Currently, individual taxpayers who have more than $300,000 ‘income for surcharge purposes’ pay an additional 15% tax on concessional (deducted) superannuation contributions. This charge is imposed by Division 293 of the Income Tax Assessment Act and is, therefore, known as Division 293 tax.
From 1 July 2017, the threshold will reduce to $250,000.
Income for surcharge purposes
In determining whether a taxpayer as exceeded the $250,000 threshold, “Income for surcharge purposes” includes:
* taxable income;
* total reportable fringe benefits;
* net financial investment loss;
* net rental property loss;
* net amount on which family trust distributions tax has been paid; and
* concessional superannuation contributions made within the concessional cap for the financial year.
Income for surcharge purposes does not include:
* super lump sum taxed elements with a zero tax rate.
Contributions subject to 15% tax
If a taxpayer’s income for surcharge purposes (outlined above) exceeds $250,000 for the 2018 year (which commences 1 July 2017), they will be liable to pay 15% tax on concessional super contributions above the $250,000.
For example, if the taxpayer’s income is $230,000 plus they had concessional contributions of $25,000 – the total income for Div 293 purposes is $255,000. As this goes over the threshold, the taxpayer will be liable to Div 293 tax. The amount of Div 293 tax is 15% of the contributions over the $250,000 threshold – so, in this case, 15% x $5,000.
If a taxpayer’s income is $260,000 plus they had concessional contributions of $25,000 – the total income for Div 293 purposes is $285,000. Again, as this goes over the threshold, the taxpayer will be liable to Div 293 tax. The amount of Div 293 tax is 15% of the contribution over the $250,000 threshold. As the taxpayer’s income (without the contributions) is over the $250,000 threshold, all of the concessional contributions (that is, $25,000) will be subject to the 15% tax.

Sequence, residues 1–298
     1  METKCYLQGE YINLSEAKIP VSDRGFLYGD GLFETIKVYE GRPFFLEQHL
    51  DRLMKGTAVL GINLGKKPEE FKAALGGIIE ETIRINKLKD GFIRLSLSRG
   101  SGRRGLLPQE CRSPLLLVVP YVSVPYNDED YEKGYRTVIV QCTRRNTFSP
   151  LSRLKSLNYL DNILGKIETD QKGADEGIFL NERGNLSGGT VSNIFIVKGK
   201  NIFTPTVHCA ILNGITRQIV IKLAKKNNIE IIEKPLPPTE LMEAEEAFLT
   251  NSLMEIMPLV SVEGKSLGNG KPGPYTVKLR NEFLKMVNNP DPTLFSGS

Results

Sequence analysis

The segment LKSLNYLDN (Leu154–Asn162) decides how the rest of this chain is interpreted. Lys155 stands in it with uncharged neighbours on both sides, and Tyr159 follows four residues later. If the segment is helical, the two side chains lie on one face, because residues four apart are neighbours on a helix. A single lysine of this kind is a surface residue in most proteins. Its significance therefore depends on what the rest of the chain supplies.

The ATO have released a video explaining the basics of the operation of Division 293 – accessible here.
Payment of Div 293 tax
Taxpayers can choose to pay the additional tax liability by using their personal savings or from their superannuation member balance.
We recommend that all taxpayers review their potential liability to Division 293 tax. A taxpayer may have taxable income of less than $250,000 but the additional inclusions (for example, rental property losses) may tip them over the threshold.
Call us today on 56656469 if you would like to discuss how these changes may apply to you.
DISCLAIMER: The information in this article is general in nature and is not a substitute for professional advice. Accordingly, neither TJN Accountants nor any member or employee of TJN Accountants accepts any responsibility for any loss, however caused, as a result of reliance on this general information. We recommend that our formal advice be sought before acting in any of the areas. The article is issued as a helpful guide to clients and for their private information. Therefore it should be regarded as confidential and not be made available to any person without our consent,
Jeanette has over 20 years experience as an accountant in public practice. She is a Chartered Accountant, registered tax agent and accredited SMSF Association advisor. When she is not helping business owners grow their empires, you will likely find her out running on the trails or lifting weights in her local CrossFit gym. Book in to see Jeanette today.